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That’s the growing assessment of the world’s meteorological community, as my colleague Matthew Cappucci reported. Freddy emerged around Feb. 6 off the coasts of Indonesia and Western Australia, transited thousands of miles west across the Indian Ocean before striking the island of Madagascar on Feb. 19 and then making landfall in Mozambique on Feb. 24, where it flooded towns, devastated crops and plunged communities in darkness. It looped back over the Mozambique Channel and picked up energy again over its warm waters before returning to the African mainland.
Freddy’s longevity appears to be matched by its sheer relentlessness. “How much energy a storm churns through is calculated through a metric known as ACE, or Accumulated Cyclone Energy,” Cappucci explained. “It reflects both a storm’s intensity and duration. Storms harvest such energy from warm ocean waters and expend it through their winds and by generating precipitation.”
He added: “As of Saturday evening, Freddy had tallied somewhere in the neighborhood of 86 ACE units, surpassing the record of 85.26 set by hurricane and typhoon Ioke in August to September 2006. That’s more ACE than 100 of the past 172 Atlantic hurricane seasons — not individual storms, but entire seasons’ worth of ACE.”
This ferocity has had grim human impact. Death tolls are unclear, given the difficulty local authorities have had in reaching storm-hit areas, but dozens have died in Madagascar, Mozambique and Malawi due to the impact of Freddy. The commissioner of the Department of Disaster Management Affairs, Charles Kalemba, said Monday that 99 were killed in Malawi. The Red Cross said deaths were largely due to flash floods, landslides and the collapsing of flimsy mud homes. U.N. officials counted at least 27 dead so far in Mozambique and Madagascar, with at least 8,000 people displaced and close to 2 million people affected in Mozambique alone.
Local authorities expect the figures to rise in coming days. In Mozambique’s Zambezia province, the storm brought down critical telecommunications infrastructure, hampering rescue and aid efforts. Mozambique has experienced a year’s worth of rainfall in the space of a few weeks as Freddy swirled between the African mainland and Madagascar, raising the risk of a worsening cholera outbreak in the region.
“Malawi is experiencing the deadliest cholera outbreak in its recorded history. The country is also struggling to respond to a polio outbreak and ongoing Covid-19 cases across the nation,” Rudolf Schwenk, the country representative for the U.N. children’s agency, said in a press briefing last week. “Resources are limited, the health system is overburdened, and health workers are stretched to their limits.”
In a statement Monday, the U.N.’s humanitarian office warned that relief organizations “urgently need additional resources to respond to the emergencies.” Still, the destruction wrought by the cyclone is not of the scale seen, say, in 2019, when Cyclone Idai killed more than 1,500 people in Mozambique, Zimbabwe and Malawi.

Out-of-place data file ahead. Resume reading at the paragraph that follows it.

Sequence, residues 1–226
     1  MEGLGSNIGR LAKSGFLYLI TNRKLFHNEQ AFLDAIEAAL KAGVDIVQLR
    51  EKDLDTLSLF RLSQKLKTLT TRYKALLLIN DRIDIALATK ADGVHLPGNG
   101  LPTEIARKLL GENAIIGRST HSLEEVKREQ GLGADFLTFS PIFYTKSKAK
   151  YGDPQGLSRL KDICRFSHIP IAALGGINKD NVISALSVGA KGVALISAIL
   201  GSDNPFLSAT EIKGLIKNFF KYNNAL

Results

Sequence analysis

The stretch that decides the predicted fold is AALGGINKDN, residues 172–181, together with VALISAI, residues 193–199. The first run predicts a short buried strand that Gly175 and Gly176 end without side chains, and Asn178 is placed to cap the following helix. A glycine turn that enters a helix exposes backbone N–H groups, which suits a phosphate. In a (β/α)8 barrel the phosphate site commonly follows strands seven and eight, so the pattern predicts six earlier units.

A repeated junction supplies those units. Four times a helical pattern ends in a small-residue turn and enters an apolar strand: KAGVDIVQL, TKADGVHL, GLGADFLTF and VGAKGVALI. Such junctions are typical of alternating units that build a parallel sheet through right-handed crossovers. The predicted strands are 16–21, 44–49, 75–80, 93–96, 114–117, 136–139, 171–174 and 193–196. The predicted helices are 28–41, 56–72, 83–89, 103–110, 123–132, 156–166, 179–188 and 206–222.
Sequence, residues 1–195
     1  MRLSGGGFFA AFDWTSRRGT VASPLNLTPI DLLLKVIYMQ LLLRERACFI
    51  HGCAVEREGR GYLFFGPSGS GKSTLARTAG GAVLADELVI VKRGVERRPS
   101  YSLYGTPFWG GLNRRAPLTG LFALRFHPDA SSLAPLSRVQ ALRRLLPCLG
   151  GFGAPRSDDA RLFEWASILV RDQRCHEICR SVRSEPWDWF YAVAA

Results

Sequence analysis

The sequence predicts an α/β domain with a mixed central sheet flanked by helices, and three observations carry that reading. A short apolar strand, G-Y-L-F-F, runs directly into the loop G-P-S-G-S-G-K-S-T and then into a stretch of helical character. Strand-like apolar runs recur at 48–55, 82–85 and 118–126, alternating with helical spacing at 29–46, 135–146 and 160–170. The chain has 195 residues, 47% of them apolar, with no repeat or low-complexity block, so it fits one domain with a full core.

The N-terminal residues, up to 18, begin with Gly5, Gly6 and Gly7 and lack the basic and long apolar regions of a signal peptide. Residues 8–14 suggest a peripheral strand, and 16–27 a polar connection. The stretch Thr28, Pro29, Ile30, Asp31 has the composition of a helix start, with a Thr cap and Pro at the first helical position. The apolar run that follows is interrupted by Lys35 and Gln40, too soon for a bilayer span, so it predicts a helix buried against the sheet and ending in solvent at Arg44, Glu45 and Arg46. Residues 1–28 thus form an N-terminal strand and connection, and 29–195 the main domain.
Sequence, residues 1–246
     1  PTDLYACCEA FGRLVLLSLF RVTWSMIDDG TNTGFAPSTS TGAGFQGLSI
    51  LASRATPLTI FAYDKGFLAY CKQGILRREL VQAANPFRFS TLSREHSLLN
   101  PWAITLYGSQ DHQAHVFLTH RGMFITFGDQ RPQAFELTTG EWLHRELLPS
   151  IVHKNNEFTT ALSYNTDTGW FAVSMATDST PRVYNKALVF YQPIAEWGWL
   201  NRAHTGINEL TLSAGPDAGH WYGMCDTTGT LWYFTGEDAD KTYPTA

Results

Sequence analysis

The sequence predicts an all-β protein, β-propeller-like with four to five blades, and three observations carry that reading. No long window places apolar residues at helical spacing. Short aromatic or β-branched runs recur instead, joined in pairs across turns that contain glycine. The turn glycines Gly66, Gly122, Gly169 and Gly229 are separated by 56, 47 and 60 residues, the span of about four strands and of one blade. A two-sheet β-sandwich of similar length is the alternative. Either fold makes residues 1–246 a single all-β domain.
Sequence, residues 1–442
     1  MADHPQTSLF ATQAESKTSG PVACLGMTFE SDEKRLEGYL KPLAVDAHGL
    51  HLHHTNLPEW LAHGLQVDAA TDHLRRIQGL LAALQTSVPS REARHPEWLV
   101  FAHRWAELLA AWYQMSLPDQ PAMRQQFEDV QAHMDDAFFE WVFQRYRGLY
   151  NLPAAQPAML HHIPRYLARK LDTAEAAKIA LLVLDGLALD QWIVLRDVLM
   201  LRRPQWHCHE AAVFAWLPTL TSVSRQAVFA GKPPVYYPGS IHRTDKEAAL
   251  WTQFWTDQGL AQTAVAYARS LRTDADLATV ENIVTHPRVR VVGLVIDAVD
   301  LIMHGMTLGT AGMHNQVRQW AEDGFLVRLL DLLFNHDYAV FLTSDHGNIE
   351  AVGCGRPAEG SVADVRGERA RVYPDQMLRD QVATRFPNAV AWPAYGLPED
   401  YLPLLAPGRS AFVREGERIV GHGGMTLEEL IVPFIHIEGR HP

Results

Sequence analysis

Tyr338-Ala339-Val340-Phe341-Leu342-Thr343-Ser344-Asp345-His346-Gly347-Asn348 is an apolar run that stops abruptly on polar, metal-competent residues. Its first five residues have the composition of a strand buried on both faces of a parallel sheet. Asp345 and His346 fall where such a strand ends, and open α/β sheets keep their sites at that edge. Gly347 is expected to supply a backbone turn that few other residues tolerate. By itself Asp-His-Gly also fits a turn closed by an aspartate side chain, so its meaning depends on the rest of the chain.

“Freddy is having a major socio-economic and humanitarian impact on affected communities,” said Johan Stander of the U.N.’s World Meteorological Organization, in a statement last week. “The death toll has been limited by accurate forecasts and early warnings, and coordinated disaster risk reduction action on the ground — although even one casualty is one too many.”
For #TimelapseTuesday, we're sharing three-week imagery of #CycloneFreddy's slow movement across the Indian Ocean to Africa via Europe's #Meteosat9 satellite.— NOAA Satellites (@NOAASatellites) March 7, 2023
Freddy now holds the world record for “accumulated cyclone energy,” a metric to gauge a cyclone’s strength over time. pic.twitter.com/44xDlYaCrG
Still, the ravages of cyclones like Freddy are expected to become a more common occurrence. Scientists believe that climate change is likely increasing the intensity of tropical storms, as warmer ocean temperatures fuel more wet, windy and destructive weather events. Countries like low-lying Mozambique are among the most vulnerable to climate change and least equipped to grapple with its effects.
Climate campaigners have long pointed to its plight as an example of a nation whose population has played little role in warming the planet, but is disproportionately reaping the consequences of humanity’s surging emissions. At last year’s major U.N. climate summit, hosted in Egypt, some wealthy Western countries pledged tens of millions of dollars in funding to Mozambique to help with loss and damage due to extreme weather events, though activists say these contributions don’t go nearly far enough.
At a U.N. Security Council session last month on the security risks posing by rising sea levels, Secretary General António Guterres warned of “a mass exodus of entire populations on a biblical scale” as floods and coastal erosion uproot whole communities.
Mozambique’s foreign minister, Verónica Nataniel Macamo Dlhovo, pointed to her country’s weathering of five tropical storms or cyclones in just the past year as evidence of worse to come. She warned that coastal cities across Africa — from Lagos, Nigeria, to Casablanca, Morocco, to her nation’s capital, Maputo — were facing disaster.
“We are talking about people who have lost almost everything they have gathered during their lives,” she said. “If no urgent action is taken to protect these cities, they may disappear in the near future.”